Starting your own restaurant isn’t a piece of cake regarding both money and time spent in achieving your goal. Although some folks with deep pockets decide to buy the restaurant, if you don’t have enough funding, renting a restaurant might seem like a better idea.
If you rent, you won’t have to worry about paying a large mortgage to the bank or building maintenance expenses your landlord will have to pay instead of you.
When you’re picking a restaurant property for lease there are a bunch of things that can go sideways real fast if you aren’t prepared.
That’s why we prepared this leasing a restaurant checklist that will help you through this process.
Finding opportunities for renting a restaurant
There are a few ways you can look for your restaurant. The simplest one is to try online on internet sites.
You can also check the commercial real estate brokers, but it’s likely they’ll charge you with a fee.
If you have time, you can drive around and look for lease signs or ask around. Maybe your family and friends know someone that’s in the renting/leasing business.
Maybe your family and friends know someone that’s in the renting/leasing business.
Before you negotiate with the landlord
Let’s say you spent some time and finally found the place that seems right for your restaurant.
You won’t go calling the landlord right away and set up a meeting. You want to come prepared and there are a bunch of things to do before renting a restaurant.
Check the locations previous tenants if you can (and if they exist). Find out (if you can) how much they were paying and what is the landlord like.
Is this even the person you want to be doing business with. If the place was vacant, find out how long. The longer the better.
You can negotiate the lower price later highlighting the fact that it’s better to get any money for space rather than it staying empty.
Come with a business plan and all the information about a restaurant you’re opening. Target customer groups, menus, pricing etc.
If you’re competing with somebody else for the location it’s going to help make you seem like a safer bet for renting a restaurant than the competition.
Meeting with a landlord
All the time consumed so far led you to this so pay attention. When negotiating for renting a restaurant you have to be very clear about everything, and I mean everything.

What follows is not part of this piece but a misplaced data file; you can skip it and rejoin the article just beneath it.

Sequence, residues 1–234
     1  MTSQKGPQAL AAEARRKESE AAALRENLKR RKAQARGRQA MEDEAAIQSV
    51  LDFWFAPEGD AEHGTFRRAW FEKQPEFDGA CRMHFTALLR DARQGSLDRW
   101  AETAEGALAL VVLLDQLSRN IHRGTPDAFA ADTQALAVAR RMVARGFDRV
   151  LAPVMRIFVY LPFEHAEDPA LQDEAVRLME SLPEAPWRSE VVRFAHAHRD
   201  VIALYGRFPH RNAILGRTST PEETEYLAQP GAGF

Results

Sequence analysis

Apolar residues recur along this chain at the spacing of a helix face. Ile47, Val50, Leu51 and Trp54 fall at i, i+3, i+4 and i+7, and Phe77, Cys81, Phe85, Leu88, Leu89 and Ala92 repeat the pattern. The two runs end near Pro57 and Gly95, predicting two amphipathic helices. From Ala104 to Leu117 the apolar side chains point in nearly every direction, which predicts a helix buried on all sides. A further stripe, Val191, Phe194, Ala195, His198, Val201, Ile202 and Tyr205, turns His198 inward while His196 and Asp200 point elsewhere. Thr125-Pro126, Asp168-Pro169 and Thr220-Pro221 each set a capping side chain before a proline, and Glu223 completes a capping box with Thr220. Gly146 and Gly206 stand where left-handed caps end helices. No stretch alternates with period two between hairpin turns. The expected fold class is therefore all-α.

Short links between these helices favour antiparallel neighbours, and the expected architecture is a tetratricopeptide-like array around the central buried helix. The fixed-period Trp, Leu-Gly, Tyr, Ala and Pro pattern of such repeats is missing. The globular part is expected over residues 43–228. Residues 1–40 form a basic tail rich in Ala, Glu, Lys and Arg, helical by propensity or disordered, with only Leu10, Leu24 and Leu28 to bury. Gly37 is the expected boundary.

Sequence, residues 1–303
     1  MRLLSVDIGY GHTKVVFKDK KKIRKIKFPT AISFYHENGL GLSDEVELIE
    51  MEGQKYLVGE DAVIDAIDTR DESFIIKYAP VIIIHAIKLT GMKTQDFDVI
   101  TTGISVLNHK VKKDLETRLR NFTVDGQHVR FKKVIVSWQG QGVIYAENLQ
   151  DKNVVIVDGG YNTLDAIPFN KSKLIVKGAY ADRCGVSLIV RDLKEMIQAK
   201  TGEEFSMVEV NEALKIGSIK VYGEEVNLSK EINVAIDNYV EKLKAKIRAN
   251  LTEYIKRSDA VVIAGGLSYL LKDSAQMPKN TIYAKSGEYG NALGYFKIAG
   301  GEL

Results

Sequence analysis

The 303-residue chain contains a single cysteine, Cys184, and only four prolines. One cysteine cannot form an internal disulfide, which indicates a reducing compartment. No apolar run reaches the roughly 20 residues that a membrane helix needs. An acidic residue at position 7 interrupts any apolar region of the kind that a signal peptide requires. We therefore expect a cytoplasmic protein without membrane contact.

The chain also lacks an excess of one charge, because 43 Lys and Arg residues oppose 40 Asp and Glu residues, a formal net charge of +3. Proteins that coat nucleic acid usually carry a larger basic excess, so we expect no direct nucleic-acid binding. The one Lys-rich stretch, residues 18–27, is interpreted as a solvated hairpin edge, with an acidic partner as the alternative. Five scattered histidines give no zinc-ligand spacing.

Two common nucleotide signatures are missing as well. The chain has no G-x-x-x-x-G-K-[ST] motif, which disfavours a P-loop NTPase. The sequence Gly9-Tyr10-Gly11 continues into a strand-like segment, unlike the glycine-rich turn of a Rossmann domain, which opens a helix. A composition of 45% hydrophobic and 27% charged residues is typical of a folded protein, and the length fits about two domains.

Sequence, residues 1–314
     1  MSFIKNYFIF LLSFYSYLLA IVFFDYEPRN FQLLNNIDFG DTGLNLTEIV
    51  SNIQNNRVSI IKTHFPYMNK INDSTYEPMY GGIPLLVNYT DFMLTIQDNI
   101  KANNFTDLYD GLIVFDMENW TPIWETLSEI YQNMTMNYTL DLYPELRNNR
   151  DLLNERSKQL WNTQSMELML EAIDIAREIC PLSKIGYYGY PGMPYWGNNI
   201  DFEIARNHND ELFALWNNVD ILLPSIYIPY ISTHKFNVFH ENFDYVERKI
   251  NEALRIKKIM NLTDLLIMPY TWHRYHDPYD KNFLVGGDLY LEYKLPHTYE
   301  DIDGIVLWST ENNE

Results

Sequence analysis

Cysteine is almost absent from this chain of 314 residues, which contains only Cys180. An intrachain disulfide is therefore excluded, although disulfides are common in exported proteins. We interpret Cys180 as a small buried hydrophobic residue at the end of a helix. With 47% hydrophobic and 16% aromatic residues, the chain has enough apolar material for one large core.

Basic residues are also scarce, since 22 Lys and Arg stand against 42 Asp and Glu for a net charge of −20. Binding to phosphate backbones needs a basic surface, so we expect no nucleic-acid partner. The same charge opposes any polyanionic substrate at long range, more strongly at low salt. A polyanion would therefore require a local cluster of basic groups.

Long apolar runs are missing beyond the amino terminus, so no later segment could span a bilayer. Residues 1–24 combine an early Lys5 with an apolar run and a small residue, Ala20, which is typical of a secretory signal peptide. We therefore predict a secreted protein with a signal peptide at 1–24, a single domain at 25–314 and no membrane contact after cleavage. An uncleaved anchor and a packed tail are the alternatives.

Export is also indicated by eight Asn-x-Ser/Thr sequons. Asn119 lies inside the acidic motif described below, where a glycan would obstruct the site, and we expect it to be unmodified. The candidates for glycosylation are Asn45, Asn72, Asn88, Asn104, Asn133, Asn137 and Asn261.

If you don’t have it black and white on a piece of paper it may as well be hearsay. Some of the things to look after are:
- How much is the additional rent charge?
- How much parking is provided?
- Does it have the necessary requirements of a licensed eating establishment?
- What kind of garbage pick up do they have
- How many bathrooms does a facility contain
- Is there any kind of ventilation system
When you make the initial inquiries about the location and convince yourself everything seems right you’re probably wondering how much does it cost to rent a restaurant like this.
Well, when you calculate the seating capacity of the space and your monthly sales, the cost of the rent shouldn’t exceed 6-10% of the gross sales. Renting a restaurant cost is just one of the major expenses, for a full list click here.
If the number is too low maybe the place is too expensive for you.
Once that’s settled you can move forward for making initial offer and writing the letter of intent.
The Letter of Intent highlights the major deal points to be included in the Lease Agreement. You can find more about the LOI content here.
Since there will be a lot of legal business here it wouldn’t hurt to hire a real estate attorney who certainly understands the process and all the things that can go wrong.
It may seem like an unnecessary expense, but it is going to guarantee that you don’t get crossed by your landlord in any way.
The lease agreement
Once you both agreed to the terms of a lease that you outlined in the LOI you can move to finalizing the agreement and signing the lease.
Keep in mind that the whole agreement contains much more information than LOI and once you signed it you have to keep your end of the deal under the legal commitment.
That’s why you shouldn’t take long lease period when you start the restaurant because you never know what might go wrong.
You can end up getting sued for the rest of the rent if you restaurant by any chance fails and you have to close it.
If you’re having any doubts about the success of your enterprise renting a restaurant with no long-term requirements is the better fit for you. You just need to find a landlord that’s willing to settle for that.
On another matter, chances are that the place you’re leasing/renting won’t be in the best condition and will require renovation.
It wouldn’t seem fair that you have to renovate a place that isn’t yours and won’t be in your ownership later on.
That’s why it usually agreed that the tenant doesn’t pay the rent for the first couple of months until the renovation money he invested matches the rent owed to the landlord.
The lease agreement also contains other info such as options to extend the lease for a longer period of time after the initial period expires.
Also the fact that the tenant doesn’t need to pay the rent in the period between accepting the keys of the space and officially opening (sometimes it takes months).